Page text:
"The Chairman. The present provisional forces of the Provisional Government, that the Government seems to be able to equip, arm, and pay, as I gather from this testimony, are about 1,200 men. ... Omitting the question of pay, the present military force of the Provisional Government is 1,200 men. Mr. Oleson. I think between 1,200 and 1,500. The Chairman. Are those men well armed and equipped? Mr. Oleson. Yes. The Chairman. Take the Queen in her present condition, with her present resources, present playing upon the affections of the Hawaiian natives, do you apprehend that she has any possible chance of reinstating herself upon the throne? Mr. Oleson. Not at all; and she has not had any chance since January 14; not the ghost of a chance to reinstate herself by any force she could marshal in the islands."

Oleson testified that the presence of U.S. troops would not have prevented the Queen's forces from attacking the revolutionaries if they had wanted to; that there were many routes the royalists could have traveled that would avoid the U.S. position; but also the U.S. troops in that part of town were out of sight inside Arion Hall with only two sentries posted. "The Chairman. The present provisional forces of the Provisional Government, that the Government seems to be able to equip, arm, and pay, as I gather from this testimony, are about 1,200 men. ... Omitting the question of pay, the present military force of the Provisional Government is 1,200 men. Mr. Oleson. I think between 1,200 and 1,500. The Chairman. Are those men well armed and equipped? Mr. Oleson. Yes. The Chairman. Take the Queen in her present condition, with her present resources, present playing upon the affections of the Hawaiian natives, do you apprehend that she has any possible chance of reinstating herself upon the throne? Mr. Oleson. Not at all; and she has not had any chance since January 14; not the ghost of a chance to reinstate herself by any force she could marshal in the islands."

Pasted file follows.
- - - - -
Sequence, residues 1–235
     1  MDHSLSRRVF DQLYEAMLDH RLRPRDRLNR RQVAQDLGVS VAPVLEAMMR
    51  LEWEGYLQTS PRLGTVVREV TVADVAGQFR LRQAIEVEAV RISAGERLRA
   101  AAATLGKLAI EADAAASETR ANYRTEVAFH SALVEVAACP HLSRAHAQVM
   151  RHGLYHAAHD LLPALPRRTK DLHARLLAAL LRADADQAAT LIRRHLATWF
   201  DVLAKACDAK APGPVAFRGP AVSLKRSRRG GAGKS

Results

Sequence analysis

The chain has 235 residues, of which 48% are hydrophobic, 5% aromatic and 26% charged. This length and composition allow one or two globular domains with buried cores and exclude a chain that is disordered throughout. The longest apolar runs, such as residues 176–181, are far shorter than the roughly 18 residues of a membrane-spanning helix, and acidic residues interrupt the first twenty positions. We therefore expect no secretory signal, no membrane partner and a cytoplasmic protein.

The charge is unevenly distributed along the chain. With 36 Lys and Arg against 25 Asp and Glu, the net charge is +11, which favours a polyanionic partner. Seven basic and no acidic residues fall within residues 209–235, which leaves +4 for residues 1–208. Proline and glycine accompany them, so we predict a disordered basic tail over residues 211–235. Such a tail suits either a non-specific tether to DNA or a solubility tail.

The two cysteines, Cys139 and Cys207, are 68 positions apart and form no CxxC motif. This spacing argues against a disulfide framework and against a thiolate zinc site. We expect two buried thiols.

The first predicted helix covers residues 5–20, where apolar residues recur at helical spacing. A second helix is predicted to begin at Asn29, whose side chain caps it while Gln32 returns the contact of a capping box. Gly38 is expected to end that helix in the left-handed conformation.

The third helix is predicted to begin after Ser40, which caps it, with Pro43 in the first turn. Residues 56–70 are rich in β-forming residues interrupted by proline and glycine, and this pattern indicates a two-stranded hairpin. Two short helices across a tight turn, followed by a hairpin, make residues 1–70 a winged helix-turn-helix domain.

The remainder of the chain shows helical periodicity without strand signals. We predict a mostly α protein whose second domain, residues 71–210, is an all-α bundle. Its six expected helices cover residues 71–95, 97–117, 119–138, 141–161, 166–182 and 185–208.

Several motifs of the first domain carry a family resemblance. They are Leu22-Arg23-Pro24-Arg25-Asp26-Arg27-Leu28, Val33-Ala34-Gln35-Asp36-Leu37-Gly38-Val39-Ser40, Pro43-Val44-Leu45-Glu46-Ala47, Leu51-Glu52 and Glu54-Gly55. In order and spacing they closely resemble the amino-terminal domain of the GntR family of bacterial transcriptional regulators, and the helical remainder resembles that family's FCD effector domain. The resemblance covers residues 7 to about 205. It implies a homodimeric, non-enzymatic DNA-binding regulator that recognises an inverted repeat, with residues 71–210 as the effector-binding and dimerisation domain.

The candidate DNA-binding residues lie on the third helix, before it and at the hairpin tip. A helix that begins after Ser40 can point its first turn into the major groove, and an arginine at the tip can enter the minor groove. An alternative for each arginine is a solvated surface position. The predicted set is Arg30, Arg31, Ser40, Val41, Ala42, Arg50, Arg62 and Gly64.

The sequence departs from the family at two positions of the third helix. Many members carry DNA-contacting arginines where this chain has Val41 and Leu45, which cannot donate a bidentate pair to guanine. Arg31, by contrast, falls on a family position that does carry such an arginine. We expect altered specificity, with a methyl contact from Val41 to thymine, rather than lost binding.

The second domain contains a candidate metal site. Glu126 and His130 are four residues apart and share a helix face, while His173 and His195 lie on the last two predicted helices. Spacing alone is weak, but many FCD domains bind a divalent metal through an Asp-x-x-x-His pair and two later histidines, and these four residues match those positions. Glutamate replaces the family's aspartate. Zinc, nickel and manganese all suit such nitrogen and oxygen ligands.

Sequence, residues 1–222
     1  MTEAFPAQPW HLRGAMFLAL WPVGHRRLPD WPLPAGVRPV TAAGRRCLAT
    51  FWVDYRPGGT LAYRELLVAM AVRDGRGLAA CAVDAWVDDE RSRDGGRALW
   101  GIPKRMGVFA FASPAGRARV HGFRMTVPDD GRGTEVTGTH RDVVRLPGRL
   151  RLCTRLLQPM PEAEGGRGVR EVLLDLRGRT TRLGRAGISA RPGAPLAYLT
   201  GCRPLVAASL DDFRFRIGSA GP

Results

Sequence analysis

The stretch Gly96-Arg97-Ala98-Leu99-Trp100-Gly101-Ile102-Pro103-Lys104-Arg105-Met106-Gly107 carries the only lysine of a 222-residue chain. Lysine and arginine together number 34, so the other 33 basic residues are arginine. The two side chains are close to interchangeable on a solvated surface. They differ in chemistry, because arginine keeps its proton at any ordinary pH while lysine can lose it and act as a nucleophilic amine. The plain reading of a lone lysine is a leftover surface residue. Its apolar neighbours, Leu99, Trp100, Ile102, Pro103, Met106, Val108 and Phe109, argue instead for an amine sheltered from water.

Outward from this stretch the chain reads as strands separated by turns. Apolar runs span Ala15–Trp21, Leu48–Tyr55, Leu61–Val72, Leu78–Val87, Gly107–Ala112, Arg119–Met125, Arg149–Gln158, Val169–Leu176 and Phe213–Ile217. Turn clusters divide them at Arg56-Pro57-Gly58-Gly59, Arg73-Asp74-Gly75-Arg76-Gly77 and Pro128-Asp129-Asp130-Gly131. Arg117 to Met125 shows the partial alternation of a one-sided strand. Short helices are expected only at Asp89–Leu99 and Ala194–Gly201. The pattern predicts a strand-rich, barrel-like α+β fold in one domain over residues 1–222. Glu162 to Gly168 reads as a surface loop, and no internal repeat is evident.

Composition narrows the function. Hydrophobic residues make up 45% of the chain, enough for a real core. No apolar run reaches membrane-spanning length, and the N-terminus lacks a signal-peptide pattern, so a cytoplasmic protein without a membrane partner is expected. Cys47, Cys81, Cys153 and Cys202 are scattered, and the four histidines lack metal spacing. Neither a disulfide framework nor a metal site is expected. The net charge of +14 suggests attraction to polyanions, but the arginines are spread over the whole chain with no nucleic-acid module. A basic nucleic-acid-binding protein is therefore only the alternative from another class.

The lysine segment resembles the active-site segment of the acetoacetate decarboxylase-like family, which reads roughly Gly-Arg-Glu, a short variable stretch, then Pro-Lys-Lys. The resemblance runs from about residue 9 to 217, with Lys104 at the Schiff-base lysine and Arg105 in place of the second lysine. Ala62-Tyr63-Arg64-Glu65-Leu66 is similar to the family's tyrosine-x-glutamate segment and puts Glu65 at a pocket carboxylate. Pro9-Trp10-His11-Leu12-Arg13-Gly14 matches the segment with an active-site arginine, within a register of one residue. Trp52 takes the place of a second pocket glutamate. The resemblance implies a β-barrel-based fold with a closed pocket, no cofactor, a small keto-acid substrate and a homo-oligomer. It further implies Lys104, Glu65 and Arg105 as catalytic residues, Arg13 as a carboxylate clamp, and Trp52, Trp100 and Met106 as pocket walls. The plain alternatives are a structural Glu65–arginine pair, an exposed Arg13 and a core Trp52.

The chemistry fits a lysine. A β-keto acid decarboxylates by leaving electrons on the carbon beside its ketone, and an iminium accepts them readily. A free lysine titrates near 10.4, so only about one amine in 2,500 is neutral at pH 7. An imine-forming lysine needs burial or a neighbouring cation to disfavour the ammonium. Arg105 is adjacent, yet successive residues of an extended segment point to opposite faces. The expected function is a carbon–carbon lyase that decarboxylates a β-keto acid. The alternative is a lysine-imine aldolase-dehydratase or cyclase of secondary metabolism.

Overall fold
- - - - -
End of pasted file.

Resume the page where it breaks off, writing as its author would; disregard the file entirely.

For a more thorough summary of Oleson's testimony, please read the Summary of Oleson's Testimony.

pp. 876-879 - Testimony of John A. McCandless, pt. 1

Testimony was taken in three parts: following a short first session with McCandless the Committee turned attention to Mr. Stevens who was elderly, ill, and wanting to leave Washington to return home. The second session with McCandless was very lengthy. The third session was only two pages.

John A. McCandless, age 40, was born in Pennsylvania of American parentage. He went to Hawaii in 1881 to run a business boring artesian wells for sugar plantations, almost entirely on Oahu. He has been active in politics, but only as a private individual. He joined the Honolulu Rifles in 1887 as merely a "private" but he was also one of its political committee of 13. That organization was so disgusted with the corrupt Kalakaua that they wrote a constitution so severely limiting his powers that they thought no self-respecting man would sign it and they would then create a Republic on the spot. A mass meeting of 1200 supporters was held. They gave Kalakaua an ultimatum to sign it within 24 hours. The King did sign it, and they decided to give him one last chance to reform his ways.

Events of January 14-17, 1893 in very great detail regarding people, places, and times. McCandless testifies on a broad range of subjects, having been present at the mass meeting called by the committee of safety, the shooting of a police officer who was trying to stop the movement of weapons and ammunition, how Sanford Dole came to be President of the Provisional Government despite his initial reluctance, the delivery of the surrender of the queen, and the surrender of the police station.

Also see: Testimony of John A. McCandless, pt.2

Also see: Testimony of John A. McCandless, pt.3

For a more thorough summary of McCandless' testimony, please read the Summary of McCandless' Testimony.

pp. 879-941 - Testimony of John L. Stevens